The Storage Team Blog about file services and storage features in Windows and Windows Server.
Hi Folks –
Dell’s latest server, the PowerEdge VRTX Shared Infrastructure Platform is an incredible cluster-in-a-box that delivers highly-available services and storage in one beautiful package. There are some great innovations in this chassis, for sure; the shared PCI bus and virtualized PERC8 storage controllers are really ground breaking stuff. However, what really has me impressed is the price. On the Dell website today, they have this chassis and two blades available for under $10,000, which is about as low a price as you can find for a Windows Server 2012 cluster with hardware RAID!
Dell bills the PowerEdge VTRX as a solution that “redefines office IT.” And I’m inclined to agree: its innovative, converged design is based on a modular chassis that supports 4 compute nodes and up to 48TB of storage in a 5U rack-mount enclosure—or you can turn it sideways and it’s a tower that fits under your desk. It’s great for small businesses, which often face space constraints, hardware sprawl, low tolerance for heat and noise, and a lack of datacenter-class power or cooling. The PowerEdge VRTX is built to address all these issues, making it easy to deploy compute and storage resources wherever you need them.
The speed with which the PowerEdge VRTX can be deployed is just as impressive as its physical design. Last year, I blogged about how the OEM Appliance OOBE (out-of-the-box experience) originally developed for Windows Storage Server was being included in Windows Server 2012 (Standard and Datacenter Editions) as well as both editions of Windows Storage Server 2012. At that time, it supported the deployment of standalone servers or 2-node failover clusters. This spring, the Windows team released an update that adds support for 4-node clusters. During its development, we worked closely with Dell using original prototypes of the hardware.
Dell is including that update with the PowerEdge VRTX to deliver a four-node cluster-in-a-box that can be deployed in 45 minutes. After powering-on the system, the user can simply follow the sequence of tasks provided by Dell, which include configuring the network, joining a domain; provisioning some storage, and creating the cluster. Here is a screenshot that shows the Initial Configuration Tasks window:
And here’s a great shot of the Dell booth at TechEd, where they highlighted the PowerEdge VRTX and how quickly it can be deployed.
Dell’s innovative PCI-e virtualization technology and PERC8 storage controller enable simultaneous access to storage from each server node. This reduces the overhead in accessing shared storage and also reduces the total storage needed by allowing each server node to share the same physical storage resources.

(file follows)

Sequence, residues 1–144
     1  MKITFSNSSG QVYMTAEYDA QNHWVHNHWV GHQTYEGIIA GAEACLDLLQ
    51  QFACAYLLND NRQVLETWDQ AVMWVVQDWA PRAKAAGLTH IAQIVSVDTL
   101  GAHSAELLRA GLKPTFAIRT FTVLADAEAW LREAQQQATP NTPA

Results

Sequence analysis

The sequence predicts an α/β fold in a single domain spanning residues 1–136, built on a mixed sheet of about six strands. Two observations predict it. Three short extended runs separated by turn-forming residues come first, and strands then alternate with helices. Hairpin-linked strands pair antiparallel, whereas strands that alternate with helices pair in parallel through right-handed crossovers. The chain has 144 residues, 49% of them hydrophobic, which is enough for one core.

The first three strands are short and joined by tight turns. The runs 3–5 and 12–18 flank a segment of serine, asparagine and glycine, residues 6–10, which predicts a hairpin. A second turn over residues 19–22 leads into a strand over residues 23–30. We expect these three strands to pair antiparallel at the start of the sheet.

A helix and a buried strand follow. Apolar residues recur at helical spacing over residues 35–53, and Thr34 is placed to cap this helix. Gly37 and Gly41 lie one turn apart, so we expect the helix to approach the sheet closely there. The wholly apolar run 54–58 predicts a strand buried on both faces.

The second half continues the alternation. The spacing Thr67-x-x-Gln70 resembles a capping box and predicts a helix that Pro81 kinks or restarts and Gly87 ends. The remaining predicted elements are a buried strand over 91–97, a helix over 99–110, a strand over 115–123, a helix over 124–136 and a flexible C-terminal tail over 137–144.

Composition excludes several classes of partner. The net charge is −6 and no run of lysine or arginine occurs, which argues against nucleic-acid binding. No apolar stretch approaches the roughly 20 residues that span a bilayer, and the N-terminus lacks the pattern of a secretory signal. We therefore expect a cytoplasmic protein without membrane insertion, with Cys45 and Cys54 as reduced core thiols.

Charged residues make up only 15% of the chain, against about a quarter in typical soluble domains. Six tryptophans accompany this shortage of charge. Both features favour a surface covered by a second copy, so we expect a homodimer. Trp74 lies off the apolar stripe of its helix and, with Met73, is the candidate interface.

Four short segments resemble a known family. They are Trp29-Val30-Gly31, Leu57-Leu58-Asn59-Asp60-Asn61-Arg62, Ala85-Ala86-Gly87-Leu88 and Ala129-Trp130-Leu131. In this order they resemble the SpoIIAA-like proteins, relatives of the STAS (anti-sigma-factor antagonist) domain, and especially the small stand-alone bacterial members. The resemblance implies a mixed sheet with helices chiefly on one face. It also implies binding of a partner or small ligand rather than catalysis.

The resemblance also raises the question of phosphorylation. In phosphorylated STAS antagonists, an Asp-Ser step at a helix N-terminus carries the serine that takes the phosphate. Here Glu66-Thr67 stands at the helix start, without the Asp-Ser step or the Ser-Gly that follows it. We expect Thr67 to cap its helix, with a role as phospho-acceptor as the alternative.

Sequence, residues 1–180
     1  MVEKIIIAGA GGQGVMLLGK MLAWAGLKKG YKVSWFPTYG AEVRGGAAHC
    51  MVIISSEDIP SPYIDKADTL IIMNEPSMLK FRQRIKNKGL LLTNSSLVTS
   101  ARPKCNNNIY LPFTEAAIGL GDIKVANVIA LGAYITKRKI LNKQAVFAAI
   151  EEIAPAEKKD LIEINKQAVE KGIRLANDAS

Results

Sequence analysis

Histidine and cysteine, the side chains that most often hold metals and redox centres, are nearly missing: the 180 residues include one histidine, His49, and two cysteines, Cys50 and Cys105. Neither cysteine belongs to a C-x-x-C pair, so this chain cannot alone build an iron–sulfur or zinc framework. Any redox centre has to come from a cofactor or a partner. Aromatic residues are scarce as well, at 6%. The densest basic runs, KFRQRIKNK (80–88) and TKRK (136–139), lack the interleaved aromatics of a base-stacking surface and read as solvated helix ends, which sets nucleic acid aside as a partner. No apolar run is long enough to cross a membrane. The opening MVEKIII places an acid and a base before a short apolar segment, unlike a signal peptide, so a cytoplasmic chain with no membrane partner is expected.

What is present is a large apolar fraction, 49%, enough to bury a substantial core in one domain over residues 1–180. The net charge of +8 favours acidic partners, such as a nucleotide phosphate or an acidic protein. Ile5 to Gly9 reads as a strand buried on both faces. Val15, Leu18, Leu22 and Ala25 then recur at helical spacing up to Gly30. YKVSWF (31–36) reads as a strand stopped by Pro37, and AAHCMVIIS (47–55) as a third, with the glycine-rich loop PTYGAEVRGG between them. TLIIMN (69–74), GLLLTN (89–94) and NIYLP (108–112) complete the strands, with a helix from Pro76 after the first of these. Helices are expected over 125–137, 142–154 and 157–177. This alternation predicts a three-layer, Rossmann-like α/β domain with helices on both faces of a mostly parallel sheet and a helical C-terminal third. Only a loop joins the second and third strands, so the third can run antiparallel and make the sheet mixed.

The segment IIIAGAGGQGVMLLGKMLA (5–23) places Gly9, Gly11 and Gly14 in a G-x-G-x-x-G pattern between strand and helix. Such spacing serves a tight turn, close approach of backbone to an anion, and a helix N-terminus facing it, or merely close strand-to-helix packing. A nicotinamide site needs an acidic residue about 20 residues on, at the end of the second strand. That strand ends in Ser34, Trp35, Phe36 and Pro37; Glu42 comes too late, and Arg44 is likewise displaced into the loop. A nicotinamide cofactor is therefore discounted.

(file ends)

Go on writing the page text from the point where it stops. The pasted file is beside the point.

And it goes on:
Such innovations make the PowerEdge VRTX a great Hyper-V host. You can easily scale-up RAM, add more CPUs, and install additional PCI-e add-in cards (including several 10GbE options from Intel and Broadcom) to run numerous VMs at once, handle huge SQL instances, or support thousands of IIS workloads—all while migrating running VMs from one node to another at lightning speed. You can easily assign the shared PCI-e slots to any of the nodes using the system’s Chassis Management Controller (CMC).
Dell recently released a reference architecture to help customers deploy virtualized desktop infrastructure (VDI) workloads on the PowerEdge VRTX using Hyper-V. The reference architecture includes sizing guidance for two default configurations: two M620 blades and 15 disks, which is designed to support 250 virtual Windows 8 desktops; and four M620 blades and 25 disks, which is designed to support 500 virtual Windows 8 desktops. You can configure and price these solutions using Dell’s Solutions Configurator.
Detailed system specifications for the PowerEdge VRTX can be found on the Dell website or the downloadable data sheet. Here are a few highlights:
Put simply, the PowerEdge VRTX has the potential to be a game-changer when it comes to office IT. I’m hard-pressed to think of another system that can match all the benefits that the PowerEdge VRTX has to offer, including:
If the above has you interested in Dell’s PowerEdge VRTX, the Shared Infrastructure page on the Dell website is a good place to start. I think you’ll be impressed… I know that I am.
Cheers, Scott M Johnson Senior Program Manager Windows Server OEM Appliance OOBE